United States District Court, N.D. Alabama, Middle Division
MEMORANDUM OPINION 
H. ENGLAND, III UNITED STATES MAGISTRATE JUDGE
Peggy Gaylor Cash (“Cash”) seeks review, pursuant
to 42 U.S.C. §§ 405(g) and 205(g) of the Social
Security Act, of a final decision of the Commissioner of the
Social Security Administration (“Commissioner”),
denying her application for a period of disability and
disability insurance benefits (“DIB”). (Doc. 1).
Cash timely pursued and exhausted her administrative
remedies. This case is therefore ripe for review under 42
U.S.C. § 405(g). The undersigned has carefully
considered the record and, for the reasons stated below, the
Commissioner's decision is REVERSED and this action is
REMANDED for further proceedings.
Factual and Procedural History
filed an application for DIB on March 25, 2013, alleging
disability beginning on August 14, 2012. (Tr. 34, 125-29).
The Commissioner initially denied Cash's claim, (tr. 91),
and Cash requested a hearing before an ALJ, (tr. 84-85).
After a September 11, 2014 video hearing, the ALJ denied
Cash's claim on February 26, 2015. (Tr. 34-46). Cash
sought review by the Appeals Council, but it denied her
request for review on August 8, 2016. (Tr. 1-4). On that
date, the ALJ's decision became the final decision of the
Commissioner. On October 4, 2016, Cash initiated this action.
was forty-three years old on the date the ALJ rendered his
decision. (Tr. 44). Cash has a high school education and past
work as a production supervisor, manager of a candle-making
company, and a bar manager. (Tr. 44, 55-57, 65-66).
Standard of Review
court's review of the Commissioner's decision is
narrowly circumscribed. The function of this Court is to
determine whether the decision of the Commissioner is
supported by substantial evidence and whether proper legal
standards were applied. Richardson v. Perales, 402
U.S. 389, 390, 91 S.Ct. 1420, 1422 (1971); Wilson v.
Barnhart, 284 F.3d 1219, 1221 (11th Cir. 2002). This
court must “scrutinize the record as a whole to
determine if the decision reached is reasonable and supported
by substantial evidence.” Bloodsworth v.
Heckler, 703 F.2d 1233, 1239 (11th Cir. 1983).
Substantial evidence is “such relevant evidence as a
reasonable person would accept as adequate to support a
conclusion.” Id. It is “more than a
scintilla, but less than a preponderance.” Id.
Court must uphold factual findings that are supported by
substantial evidence. However, it reviews the ALJ's legal
conclusions de novo because no presumption of
validity attaches to the ALJ's determination of the
proper legal standards to be applied. Davis v.
Shalala, 985 F.2d 528, 531 (11th Cir. 1993). If the
court finds an error in the ALJ's application of the law,
or if the ALJ fails to provide the court with sufficient
reasoning for determining the proper legal analysis has been
conducted, it must reverse the ALJ's decision.
Cornelius v. Sullivan, 936 F.2d 1143, 1145-46 (11th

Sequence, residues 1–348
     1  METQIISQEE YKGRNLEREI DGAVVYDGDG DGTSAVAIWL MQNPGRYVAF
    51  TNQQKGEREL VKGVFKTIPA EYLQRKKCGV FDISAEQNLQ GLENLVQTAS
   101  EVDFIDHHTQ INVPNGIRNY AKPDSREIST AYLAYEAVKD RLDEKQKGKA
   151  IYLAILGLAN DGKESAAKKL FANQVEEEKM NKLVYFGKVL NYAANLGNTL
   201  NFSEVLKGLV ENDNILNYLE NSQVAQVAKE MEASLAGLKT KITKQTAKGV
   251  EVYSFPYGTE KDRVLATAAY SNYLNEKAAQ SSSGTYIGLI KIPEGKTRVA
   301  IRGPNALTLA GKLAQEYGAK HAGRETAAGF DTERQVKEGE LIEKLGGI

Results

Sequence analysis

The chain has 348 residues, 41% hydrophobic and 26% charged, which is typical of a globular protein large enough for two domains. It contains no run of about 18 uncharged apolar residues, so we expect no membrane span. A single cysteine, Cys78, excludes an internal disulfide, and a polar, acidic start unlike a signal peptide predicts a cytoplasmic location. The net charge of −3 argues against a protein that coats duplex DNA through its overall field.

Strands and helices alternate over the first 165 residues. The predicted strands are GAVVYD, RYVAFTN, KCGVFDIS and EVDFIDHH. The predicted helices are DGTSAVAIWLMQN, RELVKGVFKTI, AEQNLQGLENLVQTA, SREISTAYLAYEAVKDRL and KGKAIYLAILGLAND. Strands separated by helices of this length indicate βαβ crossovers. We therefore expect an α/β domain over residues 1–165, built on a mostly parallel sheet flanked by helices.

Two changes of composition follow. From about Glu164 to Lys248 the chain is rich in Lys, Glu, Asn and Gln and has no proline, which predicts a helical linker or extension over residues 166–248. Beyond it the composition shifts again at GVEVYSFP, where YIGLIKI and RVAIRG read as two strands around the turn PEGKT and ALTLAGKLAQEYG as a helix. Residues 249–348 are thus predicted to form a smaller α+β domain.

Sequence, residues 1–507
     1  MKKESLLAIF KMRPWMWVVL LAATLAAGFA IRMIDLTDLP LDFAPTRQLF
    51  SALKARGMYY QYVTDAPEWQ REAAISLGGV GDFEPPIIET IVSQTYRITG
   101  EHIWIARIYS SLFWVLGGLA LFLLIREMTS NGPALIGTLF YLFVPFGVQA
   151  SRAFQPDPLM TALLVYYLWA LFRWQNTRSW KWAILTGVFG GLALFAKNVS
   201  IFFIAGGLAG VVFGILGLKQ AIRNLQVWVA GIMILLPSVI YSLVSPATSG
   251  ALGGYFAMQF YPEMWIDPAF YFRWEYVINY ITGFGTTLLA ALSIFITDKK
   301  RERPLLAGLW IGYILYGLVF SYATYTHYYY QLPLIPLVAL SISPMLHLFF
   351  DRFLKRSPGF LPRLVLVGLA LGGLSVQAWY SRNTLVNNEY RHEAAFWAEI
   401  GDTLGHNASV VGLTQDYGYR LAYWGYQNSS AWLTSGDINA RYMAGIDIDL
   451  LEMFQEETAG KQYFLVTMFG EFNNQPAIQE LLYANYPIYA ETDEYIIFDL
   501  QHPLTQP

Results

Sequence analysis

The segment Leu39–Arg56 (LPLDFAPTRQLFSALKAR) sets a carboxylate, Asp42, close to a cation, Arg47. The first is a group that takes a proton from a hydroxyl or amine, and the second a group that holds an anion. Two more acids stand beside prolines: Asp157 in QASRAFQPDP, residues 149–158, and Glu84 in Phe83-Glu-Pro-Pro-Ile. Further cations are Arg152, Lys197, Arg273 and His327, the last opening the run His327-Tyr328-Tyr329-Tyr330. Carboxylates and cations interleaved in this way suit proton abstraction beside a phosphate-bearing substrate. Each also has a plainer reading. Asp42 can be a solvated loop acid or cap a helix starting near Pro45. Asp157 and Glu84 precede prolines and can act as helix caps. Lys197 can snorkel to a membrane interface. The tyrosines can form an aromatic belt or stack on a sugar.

Statutory and Regulatory Framework
qualify for disability benefits and establish his or her
entitlement for a period of disability, a claimant must be
disabled as defined by the Social Security Act and the
Regulations promulgated thereunder. The Regulations define
“disabled” as “the inability to do any
substantial gainful activity by reason of any medically
determinable physical or mental impairment which can be
expected to result in death or which has lasted or can be
expected to last for a continuous period of not less than
twelve (12) months.” 20 C.F.R § 404.1505(a). To
establish entitlement to disability benefits, a claimant must
provide evidence of a “physical or mental
impairment” which “must result from anatomical,
physiological, or psychological abnormalities which can be
shown by medically acceptable clinical and laboratory
diagnostic techniques.” 20 C.F.R. § 404.1508.
Regulations provide a five-step process for determining
whether a claimant is disabled. 20 C.F.R. §
404.1520(a)(4)(i-v). The Commissioner must determine in
(1) whether the claimant is currently employed;
(2) whether the claimant has a severe impairment;
(3) whether the claimant's impairment meets or equals an
impairment listed by the [Commissioner];
(4) whether the claimant can perform his or her past work;
(5) whether the claimant is capable of performing any work in
the national economy.
Pope v. Shalala,
998 F.2d 473, 477 (7th Cir. 1993)
(citing to the formerly applicable C.F.R. section),
overruled on other grounds by Johnson v. Apfel, 189
F.3d 561, 562-63 (7th Cir. 1999); accord McDaniel v.
Bowen,800 F.2d 1026, 1030 (11th Cir. 1986). “Once
the claimant has satisfied steps One and Two, she will
automatically be found disabled if she suffers from a listed
impairment. If the claimant does not have a listed impairment
but cannot perform her work, the burden shifts to the
[Commissioner] to show that the claimant can perform some
other job.” Pope, 998 F.2d at 477; accord
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